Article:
CHARLES L. CROMMELIN, CDR, USN
Charles Crommelin '31
Date of birth: March 16, 1909
Date of death: March 28, 1945
From the 1931 Lucky Bag:
After assuming command of Carrier Air Group 12 he was awarded the Navy Cross for extraordinary heroism during the first carrier force raids on Japan in February 1945. On 28 March 1945 Commander Crommelin volunteered to fly from another aircraft carrier to participate in pre-invasion strikes on Okinawa. He never returned from that mission.
From naval aviation historian Richard Leonard in an email on March 9, 2018:
From USS Hornet (CV 12) War Diary:
CROMMELIN, CHARLES L. 70011 COMDR. USN Temp. Duty CCD5
Missing in action while on active temporary duty with staff, Commander Carrier Division FIVE, as a pilot of an F6F-5 on an authorized photographic mission over enemy territory 28 March 1945. Last seen crashing into water 500 yards off enemy shore after mid-air collision with another F6F-5.
CarDiv5 was Hornet, part of TF-58.1 at the time, running missions over Okinawa. If he was flying a photo mission off Hornet, VF-17 would have been the owner of any F6F photo plane. They were always assigned to the VF squadron and not to the VBF squadron. And we know he was flying photo missions not just because of the above, but the TF-58.1 war diary for the period has a photo on the cover specifically credited to the late Commander Charles L. Crommelin.
His wife was listed as next of kin.
He earned his wings as naval aviator #3966 on January 27, 1933.
From Together We Served:
- 1934-1940 VF-2 Bounty Hunters
- 1939-1939 USS Lexington (CV-2)
- 1942-1942 VF-5 Fighting Hell Cats
- 1943-1944 USS Yorktown (CV-10)
- 1943-1944 Carrier Air Group 5 (CAG-5)
- 1944-1945 COMNAVAIRLANT/COMCARGRU 12
- 1945-1945 USS Randolph (CV-15)
Charles flew Hellcats and was Commander of Carrier Air Group 5 aboard Yorktown. Later he commanded Carrier Air Group 12 aboard the USS Randolph. The book, "Crommelin's Thunderbirds" recounts the action experienced by Air Group 12.
From Hall of Valor:
The President of the United States of America takes pride in presenting the Navy Cross (Posthumously) to Commander Charles Lawrence Crommelin (NSN: 0-70011), United States Navy, for extraordinary heroism in operations against the enemy while serving as Pilot of a carrier-based Fighter Plane and Commander of AIR GROUP TWELVE (AG-12), attached to the U.S.S. RANDOLPH (CV-15), during the first attack on Japan by Naval carrier-based planes on 17 February 1945. Acting as Strike Leader for a coordinated attack on a vital aircraft engine plant in the Tokyo area, Commander Crommelin courageously refused to turn back when he discovered, upon reaching the Japanese coast, that his engine was operating at greatly reduced power and he knew extremely adverse weather conditions made necessary a long trip over the Japanese mainland to the target area. Pressing home the attack in the face of intense and accurate anti-aircraft fire and fighter opposition, he was last to leave the target area, taking damage assessment photographs before delivering his own rocket and strafing attack. Commander Crommelin, by his outstanding professional skill, inspiring leadership and gallant devotion to duty, contributed materially to the serious damage of an important enemy installation, thus upholding the highest traditions of the United States Naval Service.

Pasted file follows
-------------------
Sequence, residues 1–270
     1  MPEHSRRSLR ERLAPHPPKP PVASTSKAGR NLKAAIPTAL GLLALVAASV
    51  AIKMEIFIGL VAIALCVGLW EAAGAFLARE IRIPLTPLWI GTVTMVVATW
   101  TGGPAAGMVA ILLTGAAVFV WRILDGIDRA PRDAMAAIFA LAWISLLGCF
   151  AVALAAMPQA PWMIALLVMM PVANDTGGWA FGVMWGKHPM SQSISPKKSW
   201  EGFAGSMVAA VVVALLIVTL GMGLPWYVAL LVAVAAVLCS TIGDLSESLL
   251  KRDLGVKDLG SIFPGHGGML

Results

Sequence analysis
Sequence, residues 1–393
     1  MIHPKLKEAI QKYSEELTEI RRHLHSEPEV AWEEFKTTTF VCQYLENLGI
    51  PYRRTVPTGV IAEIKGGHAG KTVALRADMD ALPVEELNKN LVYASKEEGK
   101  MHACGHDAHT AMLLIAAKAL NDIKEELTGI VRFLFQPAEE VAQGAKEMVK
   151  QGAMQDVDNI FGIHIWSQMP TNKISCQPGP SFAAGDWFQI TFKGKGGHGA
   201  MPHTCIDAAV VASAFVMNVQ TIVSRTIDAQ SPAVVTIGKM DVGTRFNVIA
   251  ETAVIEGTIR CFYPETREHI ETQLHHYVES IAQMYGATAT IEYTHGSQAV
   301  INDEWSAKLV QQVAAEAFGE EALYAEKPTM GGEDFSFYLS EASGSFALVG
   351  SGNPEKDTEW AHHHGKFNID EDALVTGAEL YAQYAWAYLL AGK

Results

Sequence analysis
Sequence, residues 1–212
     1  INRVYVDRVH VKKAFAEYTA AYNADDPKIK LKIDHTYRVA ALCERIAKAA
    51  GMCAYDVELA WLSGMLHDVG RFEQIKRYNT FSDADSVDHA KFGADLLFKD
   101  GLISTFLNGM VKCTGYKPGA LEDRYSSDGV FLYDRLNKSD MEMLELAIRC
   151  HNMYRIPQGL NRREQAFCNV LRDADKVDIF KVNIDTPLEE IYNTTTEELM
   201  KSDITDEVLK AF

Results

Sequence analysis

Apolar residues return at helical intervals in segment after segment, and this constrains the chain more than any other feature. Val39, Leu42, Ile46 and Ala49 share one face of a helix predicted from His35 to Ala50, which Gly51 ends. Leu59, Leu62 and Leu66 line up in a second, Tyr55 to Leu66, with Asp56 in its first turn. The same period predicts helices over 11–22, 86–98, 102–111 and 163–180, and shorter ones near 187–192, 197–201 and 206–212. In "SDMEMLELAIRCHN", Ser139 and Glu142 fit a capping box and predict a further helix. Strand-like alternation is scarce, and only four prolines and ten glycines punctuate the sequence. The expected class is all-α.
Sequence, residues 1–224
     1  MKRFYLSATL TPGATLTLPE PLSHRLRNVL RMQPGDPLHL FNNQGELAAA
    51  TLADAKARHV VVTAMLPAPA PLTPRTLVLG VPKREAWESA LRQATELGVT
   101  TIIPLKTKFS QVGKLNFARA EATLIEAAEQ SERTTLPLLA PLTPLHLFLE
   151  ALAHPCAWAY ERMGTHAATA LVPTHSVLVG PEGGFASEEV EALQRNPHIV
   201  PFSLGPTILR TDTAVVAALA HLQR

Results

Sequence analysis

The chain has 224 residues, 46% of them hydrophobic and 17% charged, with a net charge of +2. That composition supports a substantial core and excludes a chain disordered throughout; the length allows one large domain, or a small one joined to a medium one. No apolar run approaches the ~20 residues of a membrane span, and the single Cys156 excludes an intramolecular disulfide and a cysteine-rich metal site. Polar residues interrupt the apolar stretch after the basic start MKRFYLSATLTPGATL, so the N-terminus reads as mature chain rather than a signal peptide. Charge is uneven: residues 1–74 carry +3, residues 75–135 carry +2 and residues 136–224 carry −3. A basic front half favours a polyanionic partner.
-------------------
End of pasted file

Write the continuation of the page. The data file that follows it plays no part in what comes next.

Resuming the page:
General Orders: Commander 1st Carrier Task Force Pacific: Serial 0540 (September 12, 1945)
Distinguished Flying Cross
His two Distinguished Flying Crosses were presented to him by his father-in-law, Rear Admiral Elliott Buckmaster, Commandant of the Naval Air Center, San Diego, California.
From Hall of Valor:
SYNOPSIS: Commander Charles Lawrence Crommelin (NSN: 0-70011), United States Navy, was awarded the Distinguished Flying Cross for extraordinary achievement while participating in aerial flight during World War II. Commander Crommelin lead fighters in support of bombers raiding Marcus Island.
General Orders: Bureau of Naval Personnel Information Bulletin No. 325 (April 1944)
Commander Charles L. Crommelin, who flew the Hellcat (Grumman F6F), was awarded a Distinguished Flying Cross for action as Commander of a Fighting Squadron in an attack on Marcus Island on 31 August 1943. The following November he was awarded a gold star in lieu of a second Distinguished Flying Cross for action as Commander of Air Group Five during the Gilbert Islands Campaign.
The citation read in part: "While leading an important reconnaissance flight over Mille Atoll on 21 November,in complete disregard for his personal safety and in the presence of determined anti-aircraft fire, he strafed one plane and was maneuvering to attack the other plane when his plane was struck by a shell which exploded within the cockpit, shattering the instruments and severely wounding him. With no vision in his left eye, his right wrist broken, a sever wound in his right chest, as well as many cuts and abrasions on his face, arms and body, and with forward visibility through the cockpit enclosure almost zero, despite loss of blood, he brought his plane back over one hundred miles and made a perfect landing aboard his carrier [the Yorktown]"
USS Crommelin (FFG 37) was named for Charles and his brothers.
Richard Crommelin '38 was one of Charles' younger brothers.